Amid the ruins of the Karl Dorrell era, winning the room was easy. Now comes the hard part for Mike Sanford and the reshuffled deck of Colorado’s football staff.
The bye week following Dorrell’s firing — his final straw falling after last week’s 43-20 loss at Arizona, dropping the Buffs to 0-5 and 4-15 in Dorrell’s past 19 games — offered a chance for the Buffs to regroup. And in just a few short days, the change in attitude was palpable.
There was Sanford, hired 10 months ago as CU’s offensive coordinator after being let go by Minnesota, gushing with enthusiasm in a team hype video. There were more smiles and humor in one press conference from Sanford and company than Buffs fans have witnessed in years.
Changing the mood, though, simply required Sanford to show up. I was never as turned off by Dorrell’s stoic demeanor as CU fans. But when that stoicism fails to inspire, when the most emotion you show in two-plus seasons is a postgame shove of a television camera and, most importantly, when you don’t win, quiet leadership becomes largely indistinguishable from no leadership.
In a few short days, Sanford has proven to be the anti-Dorrell. His practice energy, at least per team-run social media accounts, is that of a man burning more calories in one team workout than his predecessor did in years. Sanford’s answers to the media — and likewise for CU’s new interim coordinators, Clay Patterson (offense) and Gerald Chatman (defense) — were engaging and heartfelt. Focusing on the players, many of whom have endured the upheaval of regime change more than once, is a selfless proposition.
Will it translate to the field? It’s doubtful the Buffs suddenly will become a force over the final seven games of the season. But really, can it be any worse? Maybe lightening the atmosphere will at least allow the Buffs to play more loosely. There is nowhere to go but up for a team boasting one of the nation’s worst defenses to complement one of the nation’s worst offenses.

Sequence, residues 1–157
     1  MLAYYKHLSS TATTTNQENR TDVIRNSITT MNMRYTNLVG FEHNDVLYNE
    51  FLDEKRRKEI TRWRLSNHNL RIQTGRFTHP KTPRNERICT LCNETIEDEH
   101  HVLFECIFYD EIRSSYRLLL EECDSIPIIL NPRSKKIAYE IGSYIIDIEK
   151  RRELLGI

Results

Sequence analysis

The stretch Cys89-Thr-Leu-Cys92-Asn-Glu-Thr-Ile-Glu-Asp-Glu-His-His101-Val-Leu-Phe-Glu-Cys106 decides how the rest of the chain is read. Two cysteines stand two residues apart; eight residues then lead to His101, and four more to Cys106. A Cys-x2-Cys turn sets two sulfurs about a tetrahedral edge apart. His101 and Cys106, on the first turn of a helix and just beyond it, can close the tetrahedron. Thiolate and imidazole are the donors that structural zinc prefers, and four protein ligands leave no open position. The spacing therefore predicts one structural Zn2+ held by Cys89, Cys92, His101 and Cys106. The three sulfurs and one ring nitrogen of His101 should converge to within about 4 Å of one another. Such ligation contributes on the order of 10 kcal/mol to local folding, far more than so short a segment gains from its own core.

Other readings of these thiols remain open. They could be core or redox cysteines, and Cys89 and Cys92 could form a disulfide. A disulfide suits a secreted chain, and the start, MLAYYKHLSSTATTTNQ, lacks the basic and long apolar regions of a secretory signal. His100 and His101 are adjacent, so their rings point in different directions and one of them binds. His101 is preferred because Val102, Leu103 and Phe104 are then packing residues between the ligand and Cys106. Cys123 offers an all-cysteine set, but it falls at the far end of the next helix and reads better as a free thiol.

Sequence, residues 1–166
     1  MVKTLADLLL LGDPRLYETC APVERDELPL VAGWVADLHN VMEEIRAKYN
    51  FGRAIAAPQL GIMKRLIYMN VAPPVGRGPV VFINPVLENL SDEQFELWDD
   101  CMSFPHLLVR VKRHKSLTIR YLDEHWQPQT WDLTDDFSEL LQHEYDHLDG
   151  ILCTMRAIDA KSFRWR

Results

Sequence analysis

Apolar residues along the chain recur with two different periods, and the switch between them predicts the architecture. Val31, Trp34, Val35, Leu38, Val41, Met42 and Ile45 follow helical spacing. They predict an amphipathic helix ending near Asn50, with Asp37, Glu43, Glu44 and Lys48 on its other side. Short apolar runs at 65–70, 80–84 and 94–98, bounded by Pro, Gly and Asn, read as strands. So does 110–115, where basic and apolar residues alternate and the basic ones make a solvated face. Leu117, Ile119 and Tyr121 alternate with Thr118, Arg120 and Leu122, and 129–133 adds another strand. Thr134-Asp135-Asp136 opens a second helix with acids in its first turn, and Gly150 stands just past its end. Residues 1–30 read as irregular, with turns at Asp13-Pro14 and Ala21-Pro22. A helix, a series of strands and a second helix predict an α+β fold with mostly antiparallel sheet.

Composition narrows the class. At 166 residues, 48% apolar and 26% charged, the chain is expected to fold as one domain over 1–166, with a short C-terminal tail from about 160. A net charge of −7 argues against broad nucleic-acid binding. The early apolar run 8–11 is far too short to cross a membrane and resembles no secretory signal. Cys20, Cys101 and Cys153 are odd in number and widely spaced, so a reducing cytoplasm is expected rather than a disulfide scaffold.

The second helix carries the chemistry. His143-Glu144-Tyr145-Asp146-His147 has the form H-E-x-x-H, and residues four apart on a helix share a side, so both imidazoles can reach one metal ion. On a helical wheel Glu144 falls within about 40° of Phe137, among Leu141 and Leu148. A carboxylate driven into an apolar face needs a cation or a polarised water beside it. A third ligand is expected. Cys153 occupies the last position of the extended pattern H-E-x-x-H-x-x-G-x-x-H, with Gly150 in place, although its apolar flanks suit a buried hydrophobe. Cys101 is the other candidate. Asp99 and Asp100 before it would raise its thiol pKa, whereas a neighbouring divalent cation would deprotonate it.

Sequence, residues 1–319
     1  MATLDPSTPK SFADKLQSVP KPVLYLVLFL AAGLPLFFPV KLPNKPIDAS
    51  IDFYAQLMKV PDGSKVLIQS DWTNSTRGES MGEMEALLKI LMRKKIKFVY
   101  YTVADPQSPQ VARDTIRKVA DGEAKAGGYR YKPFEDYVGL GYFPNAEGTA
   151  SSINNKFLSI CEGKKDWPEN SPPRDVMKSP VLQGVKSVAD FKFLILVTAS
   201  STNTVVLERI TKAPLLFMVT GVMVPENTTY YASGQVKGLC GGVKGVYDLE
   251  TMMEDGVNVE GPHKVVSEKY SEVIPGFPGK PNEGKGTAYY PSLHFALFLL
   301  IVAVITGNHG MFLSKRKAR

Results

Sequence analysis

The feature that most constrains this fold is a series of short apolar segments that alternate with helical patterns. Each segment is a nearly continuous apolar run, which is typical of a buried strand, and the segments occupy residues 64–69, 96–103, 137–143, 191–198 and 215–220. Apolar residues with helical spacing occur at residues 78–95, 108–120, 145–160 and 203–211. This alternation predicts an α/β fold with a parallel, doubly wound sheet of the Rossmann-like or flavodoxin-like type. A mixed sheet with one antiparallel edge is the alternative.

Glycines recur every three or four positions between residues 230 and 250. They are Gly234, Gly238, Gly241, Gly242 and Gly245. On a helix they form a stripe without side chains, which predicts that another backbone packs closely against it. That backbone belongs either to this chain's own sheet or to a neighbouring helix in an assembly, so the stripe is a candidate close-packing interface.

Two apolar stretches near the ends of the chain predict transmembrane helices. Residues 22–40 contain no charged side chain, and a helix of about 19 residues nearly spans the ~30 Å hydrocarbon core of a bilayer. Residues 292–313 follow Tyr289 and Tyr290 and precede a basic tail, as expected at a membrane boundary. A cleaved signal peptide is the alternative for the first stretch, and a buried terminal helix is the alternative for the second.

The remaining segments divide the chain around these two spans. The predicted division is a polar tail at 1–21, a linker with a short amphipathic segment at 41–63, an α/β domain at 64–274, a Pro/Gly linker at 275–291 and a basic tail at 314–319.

Still, the best chance for a win in 2022 will be over the next three games, beginning next week at home against Cal. Then it’s at Oregon State and home against Arizona State before the uphill climb of the season’s final third (Oregon, USC, Washington, Utah). New enthusiasm aside, the Buffs will be heavy underdogs in all of them.
As for Sanford, as it stands he probably is a longshot to make Boulder a long-term home, at least as the head coach. Yet the best-case scenario for his interim status and unofficial audition also is the best-case scenario for Buffs fans. If Sanford can resurrect the CU offense behind freshman quarterback Owen McCown, the freshman running back tandem of Anthony Hankerson and Charlie Offerdahl, and an offensive line that went through a few youthful adjustments during Dorrell’s final game last week at Arizona, that at least would give the Buffs something tangible to build on going into the offseason..
Once the coaching transition eventually is settled, the Buffs might find themselves in need of starting over at quarterback as well. If it comes to that, so be it. Razing the entire operation wouldn’t be the worst approach for a program that has posted just one full-season winning record since 2005. If not, however, keeping McCown out of the transfer portal might become the biggest personnel priority for CU. The best way to do that, besides somehow putting a few notches in the win column, would be to build on the brief glimpses of promise the McCown-led offense has provided.
Sanford might never be seriously considered for the leading role. But clicking with those young skill players and developing an offensive attack that continues to improve would give the new head coach something to consider as he hits the reset button.
Give Sanford credit for winning the bye. If he can make football fun again during non-byes, Buff fans gladly will take it.